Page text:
Posted by amybou on:
I'm obsessed with "Downton Abbey." Last night I dreamed that I was wearing a burgundy lace Edwardian gown and a matching wide-brimmed hat with a jaunty feather to the side. In my dream I had fair skin, brown eyes, and brown ringlets, a cross between Lady Mary and Helena Bonham Carter (in an outfit circa “The Wings of the Dove,” but wearing an expression on her face circa a nightmarish Tim Burton film, take your pick).
In truth, the Edwardian outfit I wore in my dream would make me slightly out of fashion—if the Edwardian period ended in 1910, and I was wearing the dress circa the first season of Downton, which beings when The Titanic sinks in 1912—well, I like to think that I’d be a little more au courant, if not fashion forward. Perhaps that explains the horrified expression on my face/Helena Bonham Carter’s face as I/she looked in the mirror. (The dream took place at the rumored-to-be-haunted Ragdale House, an Arts & Crafts estate and artist residency in Lake Forest, Illinois, where I stayed for a few weeks last fall—not a bad stand-in for Downton, as stand-ins go.)
If I were a character on "Downton Abbey''—from the upstairs cast, rather than the servants downstairs--I'd like to think that my wardrobe would include the robin-blue Poiret harem ensemble that Sybille debuts on Season 1, Episode 3. Not because I’m a fan of harem pants per se, but because Sybille’s taste for the designer who freed women from the corset foretells her own quest for emancipation. If I were just going on pure aesthetics, any of Lady Mary's black beaded gowns, which foreshadow the look of the coming decade, would surely do.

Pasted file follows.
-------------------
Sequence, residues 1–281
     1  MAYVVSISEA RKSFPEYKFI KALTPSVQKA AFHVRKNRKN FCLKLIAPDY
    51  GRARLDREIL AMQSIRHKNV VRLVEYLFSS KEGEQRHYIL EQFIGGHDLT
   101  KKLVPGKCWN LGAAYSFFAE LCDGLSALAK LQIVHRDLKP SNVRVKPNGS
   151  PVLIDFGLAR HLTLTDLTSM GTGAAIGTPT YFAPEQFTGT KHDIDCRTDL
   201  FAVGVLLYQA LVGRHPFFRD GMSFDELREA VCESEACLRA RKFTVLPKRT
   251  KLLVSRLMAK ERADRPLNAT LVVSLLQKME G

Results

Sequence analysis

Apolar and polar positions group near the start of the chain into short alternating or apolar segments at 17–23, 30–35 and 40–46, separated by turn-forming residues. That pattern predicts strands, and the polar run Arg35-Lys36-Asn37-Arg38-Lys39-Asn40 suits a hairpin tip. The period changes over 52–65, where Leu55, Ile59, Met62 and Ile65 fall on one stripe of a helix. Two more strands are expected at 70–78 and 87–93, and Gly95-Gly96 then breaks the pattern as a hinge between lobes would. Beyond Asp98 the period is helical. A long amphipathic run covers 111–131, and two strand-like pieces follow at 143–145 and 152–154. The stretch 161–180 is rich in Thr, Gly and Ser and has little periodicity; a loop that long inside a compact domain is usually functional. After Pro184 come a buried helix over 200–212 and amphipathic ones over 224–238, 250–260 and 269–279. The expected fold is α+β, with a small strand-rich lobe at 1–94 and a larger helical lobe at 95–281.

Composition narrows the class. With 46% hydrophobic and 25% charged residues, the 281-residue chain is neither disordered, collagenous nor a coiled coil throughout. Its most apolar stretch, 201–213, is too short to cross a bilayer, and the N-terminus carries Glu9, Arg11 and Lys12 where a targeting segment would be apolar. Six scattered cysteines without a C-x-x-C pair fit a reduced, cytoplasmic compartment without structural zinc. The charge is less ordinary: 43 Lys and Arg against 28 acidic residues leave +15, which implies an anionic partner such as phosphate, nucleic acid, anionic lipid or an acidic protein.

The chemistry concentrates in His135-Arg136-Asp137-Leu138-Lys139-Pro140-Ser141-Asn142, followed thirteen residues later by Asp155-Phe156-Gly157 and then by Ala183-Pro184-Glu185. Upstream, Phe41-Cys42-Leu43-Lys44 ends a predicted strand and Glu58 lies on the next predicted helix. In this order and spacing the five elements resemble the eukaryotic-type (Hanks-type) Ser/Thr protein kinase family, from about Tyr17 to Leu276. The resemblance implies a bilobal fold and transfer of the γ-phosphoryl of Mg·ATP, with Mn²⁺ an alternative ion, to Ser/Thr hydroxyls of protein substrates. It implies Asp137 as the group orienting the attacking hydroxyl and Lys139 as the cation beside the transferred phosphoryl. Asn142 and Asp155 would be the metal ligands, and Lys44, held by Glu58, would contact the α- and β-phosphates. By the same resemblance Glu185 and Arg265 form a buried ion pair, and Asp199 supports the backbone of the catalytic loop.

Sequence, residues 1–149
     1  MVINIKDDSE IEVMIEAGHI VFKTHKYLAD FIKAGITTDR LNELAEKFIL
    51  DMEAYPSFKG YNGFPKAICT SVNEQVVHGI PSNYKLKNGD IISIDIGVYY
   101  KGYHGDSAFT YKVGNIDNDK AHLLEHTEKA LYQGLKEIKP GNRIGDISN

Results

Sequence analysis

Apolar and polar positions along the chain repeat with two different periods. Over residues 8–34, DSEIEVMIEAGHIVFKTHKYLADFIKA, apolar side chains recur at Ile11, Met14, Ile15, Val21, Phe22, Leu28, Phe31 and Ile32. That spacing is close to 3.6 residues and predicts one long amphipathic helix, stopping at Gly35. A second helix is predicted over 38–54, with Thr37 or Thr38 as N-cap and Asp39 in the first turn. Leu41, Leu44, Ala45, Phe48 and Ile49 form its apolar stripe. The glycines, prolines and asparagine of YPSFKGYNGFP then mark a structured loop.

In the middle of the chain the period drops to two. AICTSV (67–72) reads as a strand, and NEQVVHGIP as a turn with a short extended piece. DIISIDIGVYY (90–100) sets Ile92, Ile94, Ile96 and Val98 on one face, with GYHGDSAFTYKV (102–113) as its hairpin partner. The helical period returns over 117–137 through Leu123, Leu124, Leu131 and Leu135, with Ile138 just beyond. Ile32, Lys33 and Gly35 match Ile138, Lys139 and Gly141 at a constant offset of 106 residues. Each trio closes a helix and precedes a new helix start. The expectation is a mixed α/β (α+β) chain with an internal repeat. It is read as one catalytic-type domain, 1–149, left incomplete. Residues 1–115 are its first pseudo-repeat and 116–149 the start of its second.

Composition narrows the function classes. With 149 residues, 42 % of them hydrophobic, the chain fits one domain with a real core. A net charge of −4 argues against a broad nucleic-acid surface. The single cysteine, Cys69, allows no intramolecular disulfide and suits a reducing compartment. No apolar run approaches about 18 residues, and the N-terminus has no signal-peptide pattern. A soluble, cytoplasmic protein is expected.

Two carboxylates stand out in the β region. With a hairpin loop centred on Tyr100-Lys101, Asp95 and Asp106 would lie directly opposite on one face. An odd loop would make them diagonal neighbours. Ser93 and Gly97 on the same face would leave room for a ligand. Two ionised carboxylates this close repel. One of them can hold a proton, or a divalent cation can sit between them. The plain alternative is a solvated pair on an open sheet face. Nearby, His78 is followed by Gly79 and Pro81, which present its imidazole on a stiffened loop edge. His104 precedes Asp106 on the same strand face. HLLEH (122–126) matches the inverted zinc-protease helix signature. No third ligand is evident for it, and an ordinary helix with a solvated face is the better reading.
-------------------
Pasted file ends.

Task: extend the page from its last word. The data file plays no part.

You can see the evolution of fashion from the 1890s to the 1920s on the show—from Violet, Dowager Countess of Grantham’s vaguely foreboding Edith Wharton-esque bustle dresses, to Lady Cora’s feminine floral almost-Art Nouveau tea gowns, to the loathsome Lavinia Squire’s modern dropped-waist asymmetrical velvet frocks and feather headbands, which augur the post-war dawn of the flapper.
Alas, I’ve watched all nine episodes of “Downton,” in a marathon viewing last weekend, and will have to wait to watch the episode that is airing as I write this until tomorrow, when PBS will hopefully post it online. It’s almost worth getting cable for this show, or at least befriending a few television-watching friends, or perhaps moving to England, where I believe they’re ahead of us by an entire season.
My sister is now catching up on Season One and sending me a flurry of text messages with her favorite lines. “I’m sure you can compose a letter to a young man without any of my help”—indeed! I agree with her that Lady Cora does remind me of our mom, who would surely drag the dead body of her daughter’s lover across a great distance to save either of us from disgrace.
Now, why do I feel compelled to knock wood?